About Pietro Mascagni
Though regarded by casual opera followers as a one-work composer, Pietro Mascagni wrote other operas of interest and some quality. Aside from Cavalleria Rusticana, the winsomely comic L'amico Fritz, the wrenchingly dramatic Iris, and Il Piccolo Marat attest to a diversity of mood and manner. Still, Mascagni's first opera was so successful that subsequent efforts simply could not equal that initial triumph. His embrace of Mussolini's Fascist regime seemed self-serving during the 1920s and 1930s; at the end, it left Mascagni discredited and impoverished.
Although his parents had conceived for their son a career in law, Mascagni did receive some private training. However, when he began to study with the director of the newly formed Istituto Musicale Livornese, his father forbade further musical studies until a bachelor uncle interceded to offer young Pietro a home and means to finance his training. When Mascagni arrived at the Milan Conservatory, he remained only two years before embarking on an unsettled career as an orchestra member and occasional conductor of touring operetta companies. Upon marriage to Lina Carbognani in 1889, he settled in Puglia as a music instructor.
To a competition mounted by the music publisher Sonzogno, Mascagni submitted his third opera, Cavalleria Rusticana, in February 1890. At its Roman premiere on May 17, an unprecedented success propelled the composer from provincial hopeful to newly minted maestro. The following year, Mascagni enjoyed a more muted achievement with L'Amico Fritz. Silvano brought a return to verismo in 1895, although its reception was less positive than that accorded Iris, a substantial success in 1899 with a hyper-intense Oriental theme. Recurrently, the composer turned to themes of loss when choosing his libretti, recalling the desolation he felt at his mother's death when he was but 10 years old. An illicit relationship with Anna Lolli, begun in 1903, lasted until Mascagni's death in 1945.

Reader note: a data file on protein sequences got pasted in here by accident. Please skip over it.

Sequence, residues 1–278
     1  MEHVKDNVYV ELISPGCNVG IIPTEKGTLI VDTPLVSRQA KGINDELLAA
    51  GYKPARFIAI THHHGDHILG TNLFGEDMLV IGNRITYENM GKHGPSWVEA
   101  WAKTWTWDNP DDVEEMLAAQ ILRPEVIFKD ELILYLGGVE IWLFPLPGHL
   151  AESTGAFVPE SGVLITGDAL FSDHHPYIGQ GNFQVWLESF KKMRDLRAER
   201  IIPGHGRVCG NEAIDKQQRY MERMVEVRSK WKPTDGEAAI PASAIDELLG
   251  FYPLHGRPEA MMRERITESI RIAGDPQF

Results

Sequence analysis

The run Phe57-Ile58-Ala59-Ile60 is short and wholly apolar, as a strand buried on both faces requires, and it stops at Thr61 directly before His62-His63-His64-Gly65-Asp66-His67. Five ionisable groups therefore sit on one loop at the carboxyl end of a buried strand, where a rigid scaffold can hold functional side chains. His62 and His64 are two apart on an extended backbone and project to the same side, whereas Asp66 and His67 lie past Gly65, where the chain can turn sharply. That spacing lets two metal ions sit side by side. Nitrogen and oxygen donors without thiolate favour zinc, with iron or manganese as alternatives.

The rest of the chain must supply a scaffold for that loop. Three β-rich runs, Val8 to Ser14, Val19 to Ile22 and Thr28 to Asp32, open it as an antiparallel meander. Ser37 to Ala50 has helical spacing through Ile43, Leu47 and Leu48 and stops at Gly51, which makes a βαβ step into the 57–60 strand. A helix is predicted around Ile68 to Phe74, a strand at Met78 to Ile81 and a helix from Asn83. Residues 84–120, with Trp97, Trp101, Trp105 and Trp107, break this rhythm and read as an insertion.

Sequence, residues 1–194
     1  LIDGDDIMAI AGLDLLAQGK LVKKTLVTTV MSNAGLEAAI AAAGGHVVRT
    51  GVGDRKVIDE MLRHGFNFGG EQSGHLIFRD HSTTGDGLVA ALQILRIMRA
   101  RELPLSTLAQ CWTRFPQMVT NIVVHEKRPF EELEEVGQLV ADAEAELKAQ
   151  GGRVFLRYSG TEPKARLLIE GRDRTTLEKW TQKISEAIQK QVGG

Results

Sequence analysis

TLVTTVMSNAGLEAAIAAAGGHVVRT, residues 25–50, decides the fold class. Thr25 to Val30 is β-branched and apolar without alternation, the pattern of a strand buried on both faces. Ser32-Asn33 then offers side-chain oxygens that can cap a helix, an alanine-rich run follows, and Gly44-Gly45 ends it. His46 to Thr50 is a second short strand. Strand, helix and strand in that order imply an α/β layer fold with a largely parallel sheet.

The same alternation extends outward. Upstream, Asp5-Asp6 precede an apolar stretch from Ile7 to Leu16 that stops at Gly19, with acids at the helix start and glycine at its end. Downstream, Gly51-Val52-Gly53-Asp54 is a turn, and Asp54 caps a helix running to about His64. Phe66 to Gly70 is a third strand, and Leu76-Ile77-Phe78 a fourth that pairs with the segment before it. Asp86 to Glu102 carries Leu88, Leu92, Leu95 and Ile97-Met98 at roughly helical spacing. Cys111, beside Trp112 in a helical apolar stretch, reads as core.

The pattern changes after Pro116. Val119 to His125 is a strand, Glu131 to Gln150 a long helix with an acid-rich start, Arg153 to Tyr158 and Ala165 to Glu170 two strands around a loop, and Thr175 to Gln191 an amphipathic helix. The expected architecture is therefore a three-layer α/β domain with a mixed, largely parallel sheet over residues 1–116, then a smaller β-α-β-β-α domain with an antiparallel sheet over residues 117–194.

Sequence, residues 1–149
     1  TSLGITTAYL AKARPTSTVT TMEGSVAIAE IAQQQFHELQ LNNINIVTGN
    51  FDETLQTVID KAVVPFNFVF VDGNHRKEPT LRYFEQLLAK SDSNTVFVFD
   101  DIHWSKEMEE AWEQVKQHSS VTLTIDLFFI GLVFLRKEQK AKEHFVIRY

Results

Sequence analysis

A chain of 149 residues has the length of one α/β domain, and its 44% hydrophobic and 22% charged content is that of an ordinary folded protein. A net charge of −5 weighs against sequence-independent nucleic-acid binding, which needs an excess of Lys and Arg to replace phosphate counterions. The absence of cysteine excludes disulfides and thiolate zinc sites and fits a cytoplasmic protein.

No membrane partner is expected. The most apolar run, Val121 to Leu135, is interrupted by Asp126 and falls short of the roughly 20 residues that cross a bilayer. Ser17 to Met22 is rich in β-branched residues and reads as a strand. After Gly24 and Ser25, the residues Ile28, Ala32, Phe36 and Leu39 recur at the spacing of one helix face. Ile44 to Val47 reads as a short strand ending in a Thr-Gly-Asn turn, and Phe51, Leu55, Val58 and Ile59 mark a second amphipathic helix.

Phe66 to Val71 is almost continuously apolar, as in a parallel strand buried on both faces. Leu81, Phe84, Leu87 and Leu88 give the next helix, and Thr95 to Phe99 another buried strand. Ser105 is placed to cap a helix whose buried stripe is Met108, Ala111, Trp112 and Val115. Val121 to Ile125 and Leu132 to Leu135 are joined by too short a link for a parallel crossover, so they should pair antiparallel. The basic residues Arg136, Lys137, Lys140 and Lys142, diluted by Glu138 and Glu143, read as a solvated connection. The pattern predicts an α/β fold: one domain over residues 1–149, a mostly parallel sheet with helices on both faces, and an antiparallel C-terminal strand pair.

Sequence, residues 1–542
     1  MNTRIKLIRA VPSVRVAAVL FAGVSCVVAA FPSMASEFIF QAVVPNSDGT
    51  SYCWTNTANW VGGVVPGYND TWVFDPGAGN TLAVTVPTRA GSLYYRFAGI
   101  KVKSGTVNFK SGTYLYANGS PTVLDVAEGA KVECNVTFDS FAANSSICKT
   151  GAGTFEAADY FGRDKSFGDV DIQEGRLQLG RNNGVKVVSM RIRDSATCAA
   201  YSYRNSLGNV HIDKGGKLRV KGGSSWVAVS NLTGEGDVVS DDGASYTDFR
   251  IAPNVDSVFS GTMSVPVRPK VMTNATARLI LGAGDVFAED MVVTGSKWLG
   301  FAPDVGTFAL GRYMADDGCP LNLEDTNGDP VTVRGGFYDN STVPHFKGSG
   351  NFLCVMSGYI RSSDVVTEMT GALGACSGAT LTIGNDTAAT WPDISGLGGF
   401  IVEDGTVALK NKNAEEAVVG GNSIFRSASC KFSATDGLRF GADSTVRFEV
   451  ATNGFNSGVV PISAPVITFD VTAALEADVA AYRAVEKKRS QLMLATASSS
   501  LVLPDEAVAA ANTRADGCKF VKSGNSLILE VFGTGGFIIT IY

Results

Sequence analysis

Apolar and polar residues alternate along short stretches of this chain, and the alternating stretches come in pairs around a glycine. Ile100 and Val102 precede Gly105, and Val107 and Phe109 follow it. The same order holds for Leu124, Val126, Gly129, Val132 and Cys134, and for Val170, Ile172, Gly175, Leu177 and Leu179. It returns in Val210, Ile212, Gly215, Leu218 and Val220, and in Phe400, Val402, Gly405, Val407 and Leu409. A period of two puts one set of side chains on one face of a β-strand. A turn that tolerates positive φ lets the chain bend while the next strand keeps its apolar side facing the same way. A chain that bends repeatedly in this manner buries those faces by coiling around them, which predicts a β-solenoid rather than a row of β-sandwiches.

Mascagni continued to compose in the new century, completing Isabeau in 1911, Parisina in 1913, Lodoletta in 1917, and Il piccolo Marat in 1921. As with the overblown Nerone, written in 1935 to please the regime, Mascagni often explored the outer limits of vocal possibility with punishing tessituras and unrelentingly high volume. He appeared occasionally as a conductor, more positively in Italy than in an ill-conceived American tour in 1902-03.